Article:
Lets say I have a chat application and I am messaging another user (User B), our messages are being received normally using sockets, however when the User B goes offline he is disconnected from the socket server however user A is continues to text him so my server issues a push notification to User B's device for every message User A sends. My question is will APNS act as a message broker and queue all the messages until User B logs back in and receives them? Or do I have to store unreceived messages elsewhere
The answer is readily found in Apple's documentation
Apple Push Notification service includes a Quality of Service (QoS) component that performs a store-and-forward function. If APNs attempts to deliver a notification and the destination device is offline, APNs stores the notification for a limited period of time and delivers it when the device becomes available again. This component stores only the most recent notification per device and per app. If a device is offline, sending a notification request targeting that device causes the previous request to be discarded. If a device remains offline for a long time, all its stored notifications in APNs are discarded.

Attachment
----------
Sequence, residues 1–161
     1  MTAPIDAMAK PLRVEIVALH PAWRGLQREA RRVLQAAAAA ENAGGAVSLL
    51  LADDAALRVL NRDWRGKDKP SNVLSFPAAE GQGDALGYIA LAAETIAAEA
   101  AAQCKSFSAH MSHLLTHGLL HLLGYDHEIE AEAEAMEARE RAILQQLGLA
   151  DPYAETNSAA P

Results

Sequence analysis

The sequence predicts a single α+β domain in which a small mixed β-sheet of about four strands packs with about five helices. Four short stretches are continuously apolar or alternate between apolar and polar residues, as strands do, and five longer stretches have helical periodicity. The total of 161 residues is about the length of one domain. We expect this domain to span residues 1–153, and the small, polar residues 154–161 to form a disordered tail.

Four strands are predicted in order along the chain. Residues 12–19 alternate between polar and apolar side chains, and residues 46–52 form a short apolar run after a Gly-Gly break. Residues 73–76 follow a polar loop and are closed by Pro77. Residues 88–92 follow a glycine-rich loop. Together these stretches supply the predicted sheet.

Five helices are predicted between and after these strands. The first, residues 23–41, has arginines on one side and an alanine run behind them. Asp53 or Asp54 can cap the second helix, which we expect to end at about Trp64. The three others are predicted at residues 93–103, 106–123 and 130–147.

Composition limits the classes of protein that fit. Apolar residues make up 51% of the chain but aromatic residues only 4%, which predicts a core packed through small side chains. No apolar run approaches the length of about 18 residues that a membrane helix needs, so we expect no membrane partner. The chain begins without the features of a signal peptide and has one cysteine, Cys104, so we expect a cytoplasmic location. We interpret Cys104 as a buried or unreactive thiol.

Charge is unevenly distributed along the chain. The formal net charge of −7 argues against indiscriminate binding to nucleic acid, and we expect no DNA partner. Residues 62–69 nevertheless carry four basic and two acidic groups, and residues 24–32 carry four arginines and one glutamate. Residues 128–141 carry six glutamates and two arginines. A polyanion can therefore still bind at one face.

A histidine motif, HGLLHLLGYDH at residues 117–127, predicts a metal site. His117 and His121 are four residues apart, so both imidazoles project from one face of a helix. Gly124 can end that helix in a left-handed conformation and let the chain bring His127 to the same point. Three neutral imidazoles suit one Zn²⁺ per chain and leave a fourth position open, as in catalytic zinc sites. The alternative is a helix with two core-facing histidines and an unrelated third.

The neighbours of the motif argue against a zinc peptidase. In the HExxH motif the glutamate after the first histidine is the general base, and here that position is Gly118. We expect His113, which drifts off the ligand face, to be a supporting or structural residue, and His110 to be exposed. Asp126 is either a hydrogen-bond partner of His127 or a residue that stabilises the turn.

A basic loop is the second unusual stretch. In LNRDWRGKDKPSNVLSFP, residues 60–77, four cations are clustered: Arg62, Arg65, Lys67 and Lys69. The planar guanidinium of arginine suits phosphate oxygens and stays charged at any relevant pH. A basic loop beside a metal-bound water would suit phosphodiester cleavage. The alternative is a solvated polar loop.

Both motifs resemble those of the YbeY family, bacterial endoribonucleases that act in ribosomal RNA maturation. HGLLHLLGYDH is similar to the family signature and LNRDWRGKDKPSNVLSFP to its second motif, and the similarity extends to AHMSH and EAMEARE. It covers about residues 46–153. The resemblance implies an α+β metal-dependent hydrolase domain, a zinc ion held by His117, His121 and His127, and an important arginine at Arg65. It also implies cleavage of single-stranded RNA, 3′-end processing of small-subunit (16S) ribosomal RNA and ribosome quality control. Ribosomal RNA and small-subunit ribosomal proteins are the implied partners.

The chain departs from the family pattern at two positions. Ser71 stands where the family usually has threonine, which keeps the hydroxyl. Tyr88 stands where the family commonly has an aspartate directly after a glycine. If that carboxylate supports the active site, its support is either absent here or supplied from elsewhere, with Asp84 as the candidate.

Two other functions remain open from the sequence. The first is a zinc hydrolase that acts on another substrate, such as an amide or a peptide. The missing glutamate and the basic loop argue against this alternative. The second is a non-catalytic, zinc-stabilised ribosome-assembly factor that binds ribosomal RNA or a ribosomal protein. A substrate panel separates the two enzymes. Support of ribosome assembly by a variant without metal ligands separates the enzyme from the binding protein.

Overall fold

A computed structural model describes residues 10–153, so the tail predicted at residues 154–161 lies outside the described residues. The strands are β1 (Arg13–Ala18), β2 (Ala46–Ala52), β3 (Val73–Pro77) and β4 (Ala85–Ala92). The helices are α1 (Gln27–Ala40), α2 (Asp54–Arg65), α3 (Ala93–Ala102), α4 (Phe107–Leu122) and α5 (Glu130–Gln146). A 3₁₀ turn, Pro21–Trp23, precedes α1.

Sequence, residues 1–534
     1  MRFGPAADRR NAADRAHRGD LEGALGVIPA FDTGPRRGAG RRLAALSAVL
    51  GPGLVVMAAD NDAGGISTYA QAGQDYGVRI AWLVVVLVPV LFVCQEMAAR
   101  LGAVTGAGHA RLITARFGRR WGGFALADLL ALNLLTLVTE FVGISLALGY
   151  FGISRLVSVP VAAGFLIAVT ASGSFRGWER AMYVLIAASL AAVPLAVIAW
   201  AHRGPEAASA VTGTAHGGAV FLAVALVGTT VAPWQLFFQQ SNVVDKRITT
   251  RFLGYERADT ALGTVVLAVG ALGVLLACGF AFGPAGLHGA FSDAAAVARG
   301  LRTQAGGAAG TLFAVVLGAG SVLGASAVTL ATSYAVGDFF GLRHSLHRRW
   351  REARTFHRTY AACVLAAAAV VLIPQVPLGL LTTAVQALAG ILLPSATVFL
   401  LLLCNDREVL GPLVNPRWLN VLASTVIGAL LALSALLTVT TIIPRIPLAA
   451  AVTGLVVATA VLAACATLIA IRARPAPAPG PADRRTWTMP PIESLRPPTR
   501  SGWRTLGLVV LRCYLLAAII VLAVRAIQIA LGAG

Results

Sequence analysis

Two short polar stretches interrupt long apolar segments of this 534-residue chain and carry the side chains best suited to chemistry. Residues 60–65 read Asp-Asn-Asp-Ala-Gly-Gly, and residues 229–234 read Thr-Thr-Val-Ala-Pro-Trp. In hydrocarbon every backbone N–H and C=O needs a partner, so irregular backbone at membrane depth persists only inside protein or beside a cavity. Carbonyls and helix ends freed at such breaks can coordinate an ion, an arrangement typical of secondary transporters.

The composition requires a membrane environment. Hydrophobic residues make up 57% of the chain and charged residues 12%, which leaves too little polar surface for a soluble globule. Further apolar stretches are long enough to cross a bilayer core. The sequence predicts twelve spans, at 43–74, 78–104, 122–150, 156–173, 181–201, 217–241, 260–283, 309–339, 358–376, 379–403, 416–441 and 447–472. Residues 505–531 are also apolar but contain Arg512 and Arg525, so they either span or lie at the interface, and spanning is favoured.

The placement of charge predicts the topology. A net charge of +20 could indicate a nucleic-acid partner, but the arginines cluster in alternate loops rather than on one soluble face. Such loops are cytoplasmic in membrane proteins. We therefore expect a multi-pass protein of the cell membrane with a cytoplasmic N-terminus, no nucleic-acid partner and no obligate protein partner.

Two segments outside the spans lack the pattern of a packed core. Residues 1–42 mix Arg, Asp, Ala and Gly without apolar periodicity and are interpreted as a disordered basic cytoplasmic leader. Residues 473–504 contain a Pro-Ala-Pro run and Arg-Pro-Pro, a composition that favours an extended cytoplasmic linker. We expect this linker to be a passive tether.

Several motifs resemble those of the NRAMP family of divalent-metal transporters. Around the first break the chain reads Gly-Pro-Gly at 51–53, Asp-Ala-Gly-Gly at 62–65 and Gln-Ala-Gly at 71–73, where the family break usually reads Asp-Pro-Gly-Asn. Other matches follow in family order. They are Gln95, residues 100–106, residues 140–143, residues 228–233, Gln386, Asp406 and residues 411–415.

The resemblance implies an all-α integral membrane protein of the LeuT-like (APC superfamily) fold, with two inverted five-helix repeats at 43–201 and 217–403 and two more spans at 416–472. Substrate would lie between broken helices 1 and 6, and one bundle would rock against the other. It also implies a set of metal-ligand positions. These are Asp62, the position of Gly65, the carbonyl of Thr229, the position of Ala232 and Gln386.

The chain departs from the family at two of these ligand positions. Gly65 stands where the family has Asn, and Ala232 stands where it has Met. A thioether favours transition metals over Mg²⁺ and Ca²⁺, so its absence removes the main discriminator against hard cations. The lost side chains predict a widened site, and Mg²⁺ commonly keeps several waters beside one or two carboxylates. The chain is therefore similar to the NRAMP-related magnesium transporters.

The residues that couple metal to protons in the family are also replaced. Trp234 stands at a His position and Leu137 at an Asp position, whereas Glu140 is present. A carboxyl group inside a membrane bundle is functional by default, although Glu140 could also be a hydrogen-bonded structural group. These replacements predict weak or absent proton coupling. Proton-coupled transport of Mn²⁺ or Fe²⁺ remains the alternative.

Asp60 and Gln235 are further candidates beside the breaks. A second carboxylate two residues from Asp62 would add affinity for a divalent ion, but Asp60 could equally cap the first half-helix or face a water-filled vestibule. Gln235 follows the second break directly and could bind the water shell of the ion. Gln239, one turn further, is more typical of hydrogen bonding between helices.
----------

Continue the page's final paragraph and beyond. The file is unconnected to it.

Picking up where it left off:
So, no, you can't use APN as a message broker.
You can use the push notification as a signal to wake up and sync with a server-side message queue. RabbitMQ or Kafka might be candidate brokers, and MQTT looks promising as a protocol. You will need to work out how and when you discard the contents of message queues that are not successfully delivered to a device.